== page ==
Collecting the information
In mid-March, census forms will be mailed to all U.S. households. In places where there is no standard address, such as on some country roads or on Indian reservations, census workers will deliver the forms by hand.
People can respond to the census in one of three ways: online, by phone, or by mail.
From May to July, census-takers will visit homes that haven’t responded to collect the information. Census workers will also visit homeless shelters, soup kitchens and streets to collect information about homeless Americans.
Keeping information safe
Sometimes people are afraid to share their information. Census officials said the personal information collected will not be released to the public.
For example, people who have come to the United States from other countries might not want to let the government know they’re in the U.S. But census forms will not be shared with other parts of the government.
Each person who works for the U.S. Census Bureau must take an oath, or promise, never to share any information they learn about any individual.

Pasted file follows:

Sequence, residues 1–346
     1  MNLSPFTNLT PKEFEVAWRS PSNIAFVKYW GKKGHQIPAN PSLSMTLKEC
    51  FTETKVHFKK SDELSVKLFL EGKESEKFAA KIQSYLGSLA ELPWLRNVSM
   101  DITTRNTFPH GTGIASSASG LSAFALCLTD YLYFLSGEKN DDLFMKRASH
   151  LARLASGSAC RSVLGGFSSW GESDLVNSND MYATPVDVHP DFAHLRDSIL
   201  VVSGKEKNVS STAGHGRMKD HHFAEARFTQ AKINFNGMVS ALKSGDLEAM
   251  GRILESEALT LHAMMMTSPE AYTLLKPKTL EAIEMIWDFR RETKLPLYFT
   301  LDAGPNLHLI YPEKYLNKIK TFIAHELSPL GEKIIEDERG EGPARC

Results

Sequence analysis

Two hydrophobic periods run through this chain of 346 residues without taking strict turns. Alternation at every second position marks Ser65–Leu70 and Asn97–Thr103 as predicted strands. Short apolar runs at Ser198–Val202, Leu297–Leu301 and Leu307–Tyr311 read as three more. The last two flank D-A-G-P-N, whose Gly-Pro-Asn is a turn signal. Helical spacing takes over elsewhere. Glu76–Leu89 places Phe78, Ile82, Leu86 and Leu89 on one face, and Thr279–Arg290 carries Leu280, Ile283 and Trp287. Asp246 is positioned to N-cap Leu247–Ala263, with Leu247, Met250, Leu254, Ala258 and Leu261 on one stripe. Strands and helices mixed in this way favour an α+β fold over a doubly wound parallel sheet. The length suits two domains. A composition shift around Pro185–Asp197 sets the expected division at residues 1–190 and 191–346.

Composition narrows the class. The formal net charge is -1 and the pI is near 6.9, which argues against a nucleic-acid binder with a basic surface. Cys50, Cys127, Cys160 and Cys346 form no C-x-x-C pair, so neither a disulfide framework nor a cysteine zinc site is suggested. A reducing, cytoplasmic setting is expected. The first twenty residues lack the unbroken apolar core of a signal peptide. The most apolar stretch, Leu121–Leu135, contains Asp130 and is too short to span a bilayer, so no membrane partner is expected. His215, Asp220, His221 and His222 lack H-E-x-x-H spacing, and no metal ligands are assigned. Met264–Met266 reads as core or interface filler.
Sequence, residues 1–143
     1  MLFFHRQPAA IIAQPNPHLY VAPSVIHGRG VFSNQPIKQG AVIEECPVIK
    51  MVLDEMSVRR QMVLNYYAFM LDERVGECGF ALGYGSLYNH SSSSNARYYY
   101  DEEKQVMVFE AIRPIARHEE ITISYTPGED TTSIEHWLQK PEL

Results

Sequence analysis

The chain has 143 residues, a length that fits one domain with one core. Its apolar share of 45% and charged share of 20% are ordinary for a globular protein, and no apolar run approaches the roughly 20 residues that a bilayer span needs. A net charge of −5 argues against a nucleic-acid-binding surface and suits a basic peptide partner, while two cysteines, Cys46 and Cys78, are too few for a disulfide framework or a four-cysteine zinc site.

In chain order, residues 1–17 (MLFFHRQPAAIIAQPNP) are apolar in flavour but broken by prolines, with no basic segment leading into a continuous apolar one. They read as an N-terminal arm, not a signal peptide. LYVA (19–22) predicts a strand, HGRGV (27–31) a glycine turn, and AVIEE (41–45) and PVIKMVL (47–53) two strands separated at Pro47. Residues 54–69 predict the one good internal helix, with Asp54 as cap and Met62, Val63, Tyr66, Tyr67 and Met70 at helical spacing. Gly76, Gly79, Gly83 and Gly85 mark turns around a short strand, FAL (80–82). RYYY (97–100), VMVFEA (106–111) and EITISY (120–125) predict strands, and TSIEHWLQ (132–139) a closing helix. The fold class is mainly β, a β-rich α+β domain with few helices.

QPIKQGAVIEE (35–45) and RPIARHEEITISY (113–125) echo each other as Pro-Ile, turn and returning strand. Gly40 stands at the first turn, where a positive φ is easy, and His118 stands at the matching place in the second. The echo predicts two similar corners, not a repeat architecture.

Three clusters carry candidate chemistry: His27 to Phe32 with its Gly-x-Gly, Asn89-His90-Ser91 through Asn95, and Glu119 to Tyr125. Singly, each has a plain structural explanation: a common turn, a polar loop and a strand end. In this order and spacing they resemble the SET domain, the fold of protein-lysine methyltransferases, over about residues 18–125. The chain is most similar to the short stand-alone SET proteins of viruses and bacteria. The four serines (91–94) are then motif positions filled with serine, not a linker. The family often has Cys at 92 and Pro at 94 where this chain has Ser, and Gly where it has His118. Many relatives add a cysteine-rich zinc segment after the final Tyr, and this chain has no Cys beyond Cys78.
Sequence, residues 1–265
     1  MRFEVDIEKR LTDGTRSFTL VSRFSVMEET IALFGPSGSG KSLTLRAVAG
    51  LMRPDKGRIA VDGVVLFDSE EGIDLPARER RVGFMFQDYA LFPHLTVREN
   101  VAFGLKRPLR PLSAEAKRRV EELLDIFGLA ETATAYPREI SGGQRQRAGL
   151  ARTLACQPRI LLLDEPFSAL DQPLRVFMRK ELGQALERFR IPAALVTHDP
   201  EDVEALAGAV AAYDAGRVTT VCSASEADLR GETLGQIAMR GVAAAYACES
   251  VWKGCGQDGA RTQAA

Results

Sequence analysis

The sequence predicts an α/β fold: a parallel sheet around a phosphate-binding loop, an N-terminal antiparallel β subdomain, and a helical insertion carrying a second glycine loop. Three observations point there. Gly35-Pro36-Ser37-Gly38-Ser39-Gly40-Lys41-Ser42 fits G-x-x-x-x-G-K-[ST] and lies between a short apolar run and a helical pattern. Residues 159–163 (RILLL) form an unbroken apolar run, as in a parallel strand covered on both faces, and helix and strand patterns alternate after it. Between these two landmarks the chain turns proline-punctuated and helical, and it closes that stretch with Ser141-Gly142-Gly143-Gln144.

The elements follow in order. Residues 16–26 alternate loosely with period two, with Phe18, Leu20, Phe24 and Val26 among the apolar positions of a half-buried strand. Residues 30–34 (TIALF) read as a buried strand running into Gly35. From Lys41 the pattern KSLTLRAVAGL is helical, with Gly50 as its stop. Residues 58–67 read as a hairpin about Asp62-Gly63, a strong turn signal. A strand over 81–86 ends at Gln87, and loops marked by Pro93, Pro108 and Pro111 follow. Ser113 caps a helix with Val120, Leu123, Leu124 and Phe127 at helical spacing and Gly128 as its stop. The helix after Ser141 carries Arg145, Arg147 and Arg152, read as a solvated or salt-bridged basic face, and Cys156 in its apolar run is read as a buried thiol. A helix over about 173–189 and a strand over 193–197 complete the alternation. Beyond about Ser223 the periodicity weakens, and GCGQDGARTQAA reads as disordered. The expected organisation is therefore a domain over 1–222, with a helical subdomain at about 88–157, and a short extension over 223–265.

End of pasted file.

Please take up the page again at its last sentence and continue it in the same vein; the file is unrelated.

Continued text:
Take a census
You and your classmates can become enumerators (ee-NOOM-er-ay-tors), or census-takers, in your classroom. Cut out this form and make a copy for each student. When you get the completed forms back, you’ll be able to see valuable information about your class!
Question No. 1
What is your age and date of birth? _______ ______________ (example: 09)
Question No. 2
How many people live in your home? _______
Question No. 3
Do you live in a city or in the country? ______________
Question N0. 4
How many pets do you have? _______
Question No. 5
How many people in your family work outside the home? _______
Question No. 6
Will your family participate in the 2020 census? Yes _______ No _______ (check one)
Tally, or count up, your answers and do some math to get an average answer for each question.
For example, what is the average age in your classroom? _______